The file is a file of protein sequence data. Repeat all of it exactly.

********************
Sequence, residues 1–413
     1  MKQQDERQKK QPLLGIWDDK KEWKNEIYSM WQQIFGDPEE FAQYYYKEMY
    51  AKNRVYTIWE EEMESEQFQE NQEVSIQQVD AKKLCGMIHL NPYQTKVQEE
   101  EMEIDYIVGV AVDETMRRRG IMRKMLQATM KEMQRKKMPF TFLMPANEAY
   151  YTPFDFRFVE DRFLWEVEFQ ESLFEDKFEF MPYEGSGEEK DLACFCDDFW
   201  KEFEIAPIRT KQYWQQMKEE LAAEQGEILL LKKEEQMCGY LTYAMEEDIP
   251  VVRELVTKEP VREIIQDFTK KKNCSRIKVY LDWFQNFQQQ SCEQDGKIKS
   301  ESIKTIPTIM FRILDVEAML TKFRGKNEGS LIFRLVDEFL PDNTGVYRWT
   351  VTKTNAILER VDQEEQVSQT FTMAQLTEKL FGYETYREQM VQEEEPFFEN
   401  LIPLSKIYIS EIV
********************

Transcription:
Sequence, residues 1–413
     1  MKQQDERQKK QPLLGIWDDK KEWKNEIYSM WQQIFGDPEE FAQYYYKEMY
    51  AKNRVYTIWE EEMESEQFQE NQEVSIQQVD AKKLCGMIHL NPYQTKVQEE
   101  EMEIDYIVGV AVDETMRRRG IMRKMLQATM KEMQRKKMPF TFLMPANEAY
   151  YTPFDFRFVE DRFLWEVEFQ ESLFEDKFEF MPYEGSGEEK DLACFCDDFW
   201  KEFEIAPIRT KQYWQQMKEE LAAEQGEILL LKKEEQMCGY LTYAMEEDIP
   251  VVRELVTKEP VREIIQDFTK KKNCSRIKVY LDWFQNFQQQ SCEQDGKIKS
   301  ESIKTIPTIM FRILDVEAML TKFRGKNEGS LIFRLVDEFL PDNTGVYRWT
   351  VTKTNAILER VDQEEQVSQT FTMAQLTEKL FGYETYREQM VQEEEPFFEN
   401  LIPLSKIYIS EIV